The term “minimalist” might describe Pendulum Music or even 1971’s Drumming, with its insistent, apparently unchanging drum and marimba rhythms, but nothing’s minimal about such works as 1976’s Music for 18 Musicians. Listening to one of Reich’s later works is like unraveling a tapestry—it may appear simple on the surface, but a complex weave of different musical strands pulses underneath: mallet percussion here joins voices there, while pianos sneak in with the strings somewhere in the middle.
Reich insists that he’s moved to larger forms simply out of “musical necessity.” The basic thrust, he says, has always been there: “In 1971, my ensemble jumped to 12 people because Drumming demanded that. In Music for 18 Musicians it got larger again. Music for a Large Ensemble obviously made it bigger still.” Reich’s works in the ’70s grew in size and complexity, and his audience grew with him. But whether the younger contingent of Reich fans will follow his move to something as “old-fashioned” as orchestral music remains to be seen. During the ’60s and ’70s, the audience at orchestra concerts got steadily older; no one under 35 seemed interested. Along with Glass and Adams, Reich has given symphony managers something to cheer about. They may hate the music—many people still claim it sounds like a huge broken needle—but they hope the so-called minimalists will attract a younger audience to concert halls.
Reich’s orchestral talents are now in wide demand. The Desert Music has convinced many listeners (and apparently many conductors) that as far as orchestral music goes, Steve Reich has arrived. He’s been asked to write another piece for the St. Louis Symphony for their 75th anniversary in 1987, and works as well for the San Francisco Symphony and the London Sinfonietta.
October brought Reich’s 49th birthday and a period of accelerated activity. The Desert Music has just been released; his Sextet will be performed at the Brooklyn Academy of Music (B.A.M.) in late October; then B.A.M.’s touring program will send The Desert Music and its composer on a whirlwind tour through Richmond, Washington, Philadelphia, Boston, Burlington, and Ottawa in January, followed by a trip to Europe. Taking The Desert Music on the road could be a logistical nightmare: the work normally uses 160 musicians. So Reich will tour with a scaled-down version he created for the Paris-based Ensemble Intercontemporain.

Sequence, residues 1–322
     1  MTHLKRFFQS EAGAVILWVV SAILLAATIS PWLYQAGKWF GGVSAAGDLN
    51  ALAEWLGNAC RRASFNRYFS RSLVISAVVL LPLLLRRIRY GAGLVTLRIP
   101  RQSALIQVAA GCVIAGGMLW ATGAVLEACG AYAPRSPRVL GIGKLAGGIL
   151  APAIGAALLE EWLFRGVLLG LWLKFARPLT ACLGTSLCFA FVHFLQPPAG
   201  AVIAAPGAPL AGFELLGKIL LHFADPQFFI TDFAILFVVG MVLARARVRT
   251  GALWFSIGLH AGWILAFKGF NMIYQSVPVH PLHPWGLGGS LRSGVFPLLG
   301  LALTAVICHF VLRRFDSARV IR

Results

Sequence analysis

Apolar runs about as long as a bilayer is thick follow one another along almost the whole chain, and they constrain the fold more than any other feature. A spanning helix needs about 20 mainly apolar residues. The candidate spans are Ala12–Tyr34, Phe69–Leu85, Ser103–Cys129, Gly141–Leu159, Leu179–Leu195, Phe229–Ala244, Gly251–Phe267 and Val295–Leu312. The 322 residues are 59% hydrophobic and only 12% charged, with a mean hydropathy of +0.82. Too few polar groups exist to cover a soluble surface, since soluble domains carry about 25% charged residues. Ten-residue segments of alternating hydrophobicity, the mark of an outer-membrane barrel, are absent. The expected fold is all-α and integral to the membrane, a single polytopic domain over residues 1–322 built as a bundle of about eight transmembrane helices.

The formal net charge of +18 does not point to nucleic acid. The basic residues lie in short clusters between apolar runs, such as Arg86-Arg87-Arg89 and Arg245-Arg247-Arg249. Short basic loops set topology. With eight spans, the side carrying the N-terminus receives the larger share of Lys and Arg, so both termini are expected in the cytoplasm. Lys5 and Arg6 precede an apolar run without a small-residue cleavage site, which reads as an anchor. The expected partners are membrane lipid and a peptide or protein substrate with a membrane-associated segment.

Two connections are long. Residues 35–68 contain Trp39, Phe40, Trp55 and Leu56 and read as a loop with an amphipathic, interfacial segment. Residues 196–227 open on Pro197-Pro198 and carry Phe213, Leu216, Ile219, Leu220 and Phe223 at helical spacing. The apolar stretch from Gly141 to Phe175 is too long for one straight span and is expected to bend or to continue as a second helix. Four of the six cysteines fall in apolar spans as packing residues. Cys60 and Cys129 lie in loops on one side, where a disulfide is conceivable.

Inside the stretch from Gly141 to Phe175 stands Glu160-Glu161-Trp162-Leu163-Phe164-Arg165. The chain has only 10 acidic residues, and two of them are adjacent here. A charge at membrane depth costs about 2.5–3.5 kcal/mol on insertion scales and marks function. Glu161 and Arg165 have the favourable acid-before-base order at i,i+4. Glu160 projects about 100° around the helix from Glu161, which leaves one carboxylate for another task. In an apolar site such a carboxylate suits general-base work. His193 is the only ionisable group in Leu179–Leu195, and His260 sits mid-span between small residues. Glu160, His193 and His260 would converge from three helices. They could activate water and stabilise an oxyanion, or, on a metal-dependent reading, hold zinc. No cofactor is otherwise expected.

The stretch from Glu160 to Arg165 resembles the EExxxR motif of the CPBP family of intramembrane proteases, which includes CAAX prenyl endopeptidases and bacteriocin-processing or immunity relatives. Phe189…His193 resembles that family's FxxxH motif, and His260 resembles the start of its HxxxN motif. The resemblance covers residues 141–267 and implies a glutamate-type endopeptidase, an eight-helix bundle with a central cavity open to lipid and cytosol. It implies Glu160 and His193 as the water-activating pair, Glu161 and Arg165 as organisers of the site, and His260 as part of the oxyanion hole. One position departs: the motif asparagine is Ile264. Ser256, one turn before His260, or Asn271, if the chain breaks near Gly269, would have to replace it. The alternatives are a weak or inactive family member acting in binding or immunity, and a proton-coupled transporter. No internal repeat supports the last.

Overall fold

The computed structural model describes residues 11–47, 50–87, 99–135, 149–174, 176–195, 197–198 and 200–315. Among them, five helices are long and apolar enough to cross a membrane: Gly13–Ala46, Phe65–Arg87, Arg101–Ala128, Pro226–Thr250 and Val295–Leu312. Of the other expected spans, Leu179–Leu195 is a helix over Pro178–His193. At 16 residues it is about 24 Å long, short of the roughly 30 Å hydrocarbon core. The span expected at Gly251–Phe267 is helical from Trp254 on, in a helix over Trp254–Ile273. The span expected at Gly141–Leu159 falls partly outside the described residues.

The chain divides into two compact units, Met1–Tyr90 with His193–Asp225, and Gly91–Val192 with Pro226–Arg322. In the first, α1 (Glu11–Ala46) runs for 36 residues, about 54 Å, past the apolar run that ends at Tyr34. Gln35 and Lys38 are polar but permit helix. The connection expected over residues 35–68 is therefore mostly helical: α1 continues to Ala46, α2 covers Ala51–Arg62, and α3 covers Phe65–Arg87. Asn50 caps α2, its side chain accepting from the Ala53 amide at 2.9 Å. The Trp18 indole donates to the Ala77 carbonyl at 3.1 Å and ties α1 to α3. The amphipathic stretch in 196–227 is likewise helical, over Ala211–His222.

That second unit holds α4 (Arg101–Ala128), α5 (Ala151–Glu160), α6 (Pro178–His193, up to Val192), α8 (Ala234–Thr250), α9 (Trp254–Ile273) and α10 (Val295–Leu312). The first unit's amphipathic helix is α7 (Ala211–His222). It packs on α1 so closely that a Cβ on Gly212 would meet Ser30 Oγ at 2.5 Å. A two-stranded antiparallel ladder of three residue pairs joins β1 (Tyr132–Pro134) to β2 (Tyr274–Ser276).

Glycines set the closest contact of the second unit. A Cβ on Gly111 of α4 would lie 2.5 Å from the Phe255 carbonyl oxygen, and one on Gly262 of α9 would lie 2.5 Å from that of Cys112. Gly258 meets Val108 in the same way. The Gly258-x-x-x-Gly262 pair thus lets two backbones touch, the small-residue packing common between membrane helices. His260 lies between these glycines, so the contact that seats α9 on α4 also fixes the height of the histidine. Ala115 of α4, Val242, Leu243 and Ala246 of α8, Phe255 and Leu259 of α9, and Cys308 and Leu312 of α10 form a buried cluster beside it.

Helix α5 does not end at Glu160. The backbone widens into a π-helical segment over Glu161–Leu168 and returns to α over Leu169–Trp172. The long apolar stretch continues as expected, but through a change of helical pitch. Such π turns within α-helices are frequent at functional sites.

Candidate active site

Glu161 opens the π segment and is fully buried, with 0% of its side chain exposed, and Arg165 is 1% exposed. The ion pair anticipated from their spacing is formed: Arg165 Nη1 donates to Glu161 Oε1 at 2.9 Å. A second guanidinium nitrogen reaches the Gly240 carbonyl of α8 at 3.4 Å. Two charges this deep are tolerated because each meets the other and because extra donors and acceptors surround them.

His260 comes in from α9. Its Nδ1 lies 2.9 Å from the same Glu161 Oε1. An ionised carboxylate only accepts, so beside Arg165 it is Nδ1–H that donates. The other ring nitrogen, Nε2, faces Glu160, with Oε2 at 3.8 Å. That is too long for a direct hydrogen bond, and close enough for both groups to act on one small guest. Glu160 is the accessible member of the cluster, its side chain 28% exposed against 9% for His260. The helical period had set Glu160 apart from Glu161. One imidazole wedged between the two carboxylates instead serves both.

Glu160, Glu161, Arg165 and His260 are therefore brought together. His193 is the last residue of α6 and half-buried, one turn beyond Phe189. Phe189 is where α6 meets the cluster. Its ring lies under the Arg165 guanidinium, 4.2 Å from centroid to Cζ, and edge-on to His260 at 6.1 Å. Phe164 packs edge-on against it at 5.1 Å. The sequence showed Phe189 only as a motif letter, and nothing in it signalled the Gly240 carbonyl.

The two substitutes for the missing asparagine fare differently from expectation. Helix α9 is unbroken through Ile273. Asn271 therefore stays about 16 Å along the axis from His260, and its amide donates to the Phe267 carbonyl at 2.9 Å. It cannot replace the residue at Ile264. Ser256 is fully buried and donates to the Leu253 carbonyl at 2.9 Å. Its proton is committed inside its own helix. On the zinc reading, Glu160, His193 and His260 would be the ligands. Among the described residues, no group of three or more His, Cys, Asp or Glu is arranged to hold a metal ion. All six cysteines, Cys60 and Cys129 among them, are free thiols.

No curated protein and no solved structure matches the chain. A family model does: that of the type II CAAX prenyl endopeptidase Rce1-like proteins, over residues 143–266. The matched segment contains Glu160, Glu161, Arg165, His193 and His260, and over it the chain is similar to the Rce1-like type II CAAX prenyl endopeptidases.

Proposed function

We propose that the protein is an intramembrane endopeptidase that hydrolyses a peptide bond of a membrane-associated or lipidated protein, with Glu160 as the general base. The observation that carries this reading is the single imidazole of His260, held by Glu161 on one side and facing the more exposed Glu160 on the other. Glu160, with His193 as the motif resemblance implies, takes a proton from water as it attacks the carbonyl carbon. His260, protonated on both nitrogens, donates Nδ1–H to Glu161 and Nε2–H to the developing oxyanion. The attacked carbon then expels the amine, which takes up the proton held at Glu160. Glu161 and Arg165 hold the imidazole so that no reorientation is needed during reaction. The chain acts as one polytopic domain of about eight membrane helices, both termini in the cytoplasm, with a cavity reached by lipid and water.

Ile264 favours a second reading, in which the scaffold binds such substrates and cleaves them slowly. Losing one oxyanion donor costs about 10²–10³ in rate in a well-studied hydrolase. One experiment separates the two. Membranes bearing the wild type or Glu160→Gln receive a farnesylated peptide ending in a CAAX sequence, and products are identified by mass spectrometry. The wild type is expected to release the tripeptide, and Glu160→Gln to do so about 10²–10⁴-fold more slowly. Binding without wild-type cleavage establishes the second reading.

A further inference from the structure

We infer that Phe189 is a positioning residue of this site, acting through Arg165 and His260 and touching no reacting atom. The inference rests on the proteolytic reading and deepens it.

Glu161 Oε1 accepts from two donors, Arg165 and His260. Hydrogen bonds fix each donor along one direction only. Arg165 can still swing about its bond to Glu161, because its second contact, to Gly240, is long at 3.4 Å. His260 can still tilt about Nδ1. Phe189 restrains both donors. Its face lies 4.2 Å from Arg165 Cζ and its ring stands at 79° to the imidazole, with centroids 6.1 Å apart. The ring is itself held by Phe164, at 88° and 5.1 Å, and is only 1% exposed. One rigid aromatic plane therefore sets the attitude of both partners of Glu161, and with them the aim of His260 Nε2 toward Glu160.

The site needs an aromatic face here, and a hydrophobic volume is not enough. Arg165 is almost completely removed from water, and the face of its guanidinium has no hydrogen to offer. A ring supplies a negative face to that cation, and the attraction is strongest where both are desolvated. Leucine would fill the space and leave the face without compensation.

“Instead of the whole string section I use 13 strings and amplify them; a synthesizer takes the brass parts,” he says. “So this version uses only 40 people.”
The Desert Music is one of Reich’s finest works, though past performances have varied widely in quality. The album features Reich’s ensemble along with most of the Brooklyn Philharmonic Orchestra, a chorus (the texts are by William Carlos Williams), and conductor Michael Tilson Thomas, one of the longtime champions of Reich’s music. The performance is right on the money, and the work itself, gradually unfolding in the best Reichian style, is absolutely gorgeous. “It’s really the first piece to engage the orchestra fully,” he claims. “In the earlier works, the strings simply laid down the harmonic groundwork, like a rug on the floor. Here the strings join in with the basic pulses, then subdivide into the rhythmic patterns I often use.”
The most striking thing about The Desert Music is that Reich hasn’t simply copied the sound of his smaller ensemble works or “mellowed out.” He’s put together a five-part work that instead of rushing along at breakneck speed covers a wide range of moods, with the lyrical sections acting as a foil to the more energetic parts.